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Strange New Country: The Fraser River Salmon Strikes of 1900 and the Birth of Modern British Columbia

Strange New Country: The Fraser River Salmon Strikes of 1900 and the Birth of Modern British Columbia

By Raincoast Books

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Salmon gillnetting in the turbulent waters of the Fraser River at the turn of the last century was dangerous, back-breaking work. Skiffs were equipped with a single sail, but most maneuvering had to be accomplished by oars, an almost impossible task against any current or tide. Once towed to the grounds by a cannery tug, the fishermen were on their own for at least twelve hours, casting their 400-metre long nets out and pulling them back by hand. Their only shelter was a partial tent over the bow. Many came to grief on dark, windy nights as they blew out of the main channel to the mudflats of the estuary, or worse, the open waters of the Strait of Georgia.

When the powerful Fraser River Canners’ Association fixed the maximum price per salmon at 15 cents, fishermen united in their determination to win a decent living. Their strike shut down British Columbia’s second-largest export industry and effectively resulted in the imposition of martial law as the canners, frustrated by political deadlock in Victoria, called out the militia without government assent to achieve their ends. The strike has long been understood as a watershed moment in the province’s industrial history. In this revealing chronicle, Geoff Meggs shows it was even more than that.Other strikes in that era may have lasted longer, many were more violent, but none drew such diverse groups―Indigenous, Japanese, white―into an uneasy, short-term but effective coalition.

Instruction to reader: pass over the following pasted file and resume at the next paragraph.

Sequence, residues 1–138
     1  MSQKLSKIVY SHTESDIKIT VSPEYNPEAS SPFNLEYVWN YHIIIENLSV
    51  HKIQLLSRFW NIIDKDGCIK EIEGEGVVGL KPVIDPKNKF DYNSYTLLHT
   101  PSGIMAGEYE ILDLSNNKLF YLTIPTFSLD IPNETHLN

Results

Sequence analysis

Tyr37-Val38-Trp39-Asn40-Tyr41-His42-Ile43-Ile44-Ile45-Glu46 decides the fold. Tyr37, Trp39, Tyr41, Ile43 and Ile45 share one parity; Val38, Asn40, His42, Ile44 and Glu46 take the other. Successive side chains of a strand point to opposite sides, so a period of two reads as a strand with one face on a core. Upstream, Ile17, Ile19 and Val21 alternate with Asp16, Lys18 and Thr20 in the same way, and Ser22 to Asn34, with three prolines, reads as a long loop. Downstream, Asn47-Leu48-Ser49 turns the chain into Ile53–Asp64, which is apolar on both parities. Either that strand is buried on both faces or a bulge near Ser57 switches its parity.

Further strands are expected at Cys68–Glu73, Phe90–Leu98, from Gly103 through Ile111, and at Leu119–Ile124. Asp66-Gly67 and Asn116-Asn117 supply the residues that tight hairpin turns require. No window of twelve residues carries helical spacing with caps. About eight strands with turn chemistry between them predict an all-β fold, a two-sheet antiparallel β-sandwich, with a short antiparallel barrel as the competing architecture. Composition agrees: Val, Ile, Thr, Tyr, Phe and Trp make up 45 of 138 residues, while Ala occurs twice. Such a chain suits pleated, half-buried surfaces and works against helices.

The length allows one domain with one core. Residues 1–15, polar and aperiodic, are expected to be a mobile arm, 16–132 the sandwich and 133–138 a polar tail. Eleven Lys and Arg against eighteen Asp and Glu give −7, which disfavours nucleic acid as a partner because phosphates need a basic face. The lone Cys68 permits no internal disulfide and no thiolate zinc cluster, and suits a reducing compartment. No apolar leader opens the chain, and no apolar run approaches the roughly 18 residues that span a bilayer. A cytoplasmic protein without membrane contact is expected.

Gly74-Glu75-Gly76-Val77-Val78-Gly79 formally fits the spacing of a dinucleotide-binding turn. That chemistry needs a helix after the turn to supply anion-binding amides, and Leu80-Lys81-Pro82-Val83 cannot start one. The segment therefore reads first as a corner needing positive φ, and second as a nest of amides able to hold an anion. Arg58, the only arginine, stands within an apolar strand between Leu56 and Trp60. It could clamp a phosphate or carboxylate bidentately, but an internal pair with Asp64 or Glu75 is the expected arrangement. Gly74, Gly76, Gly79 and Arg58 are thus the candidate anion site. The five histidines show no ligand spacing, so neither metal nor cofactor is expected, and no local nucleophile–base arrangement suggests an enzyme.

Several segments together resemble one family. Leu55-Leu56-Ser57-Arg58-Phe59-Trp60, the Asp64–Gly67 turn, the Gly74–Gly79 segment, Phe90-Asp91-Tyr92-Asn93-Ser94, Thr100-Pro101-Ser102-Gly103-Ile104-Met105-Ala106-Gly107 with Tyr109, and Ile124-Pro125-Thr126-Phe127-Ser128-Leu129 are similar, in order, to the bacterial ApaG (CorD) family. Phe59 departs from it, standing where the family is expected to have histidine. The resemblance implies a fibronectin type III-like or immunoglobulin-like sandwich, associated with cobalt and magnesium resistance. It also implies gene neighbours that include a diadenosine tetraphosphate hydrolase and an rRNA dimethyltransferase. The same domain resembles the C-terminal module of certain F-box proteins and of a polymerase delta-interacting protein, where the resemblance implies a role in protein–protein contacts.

While united by the common goal of economic equality, strikers were divided by forceful social pressures: First Nations fishermen wished to assert their Indigenous rights; Japanese fishermen, having fled poverty in their homeland, were seeking equality and opportunity in a new country; white fishermen were angered by the greed of the tiny clique of wealthy Vancouver industrialists who controlled the salmon industry. This maelstrom came together in Steveston, a ramshackle clapboard and cedar shake cannery boom town that blossomed into one of the province’s largest cities for a few hectic months each summer.

In this compelling account, told with journalistic flair and vivid detail, Meggs leaves no room for doubt: this event marked BC’s turn into the modern era, with lessons about inequality, racism, immigration and economic power that remain relevant today.

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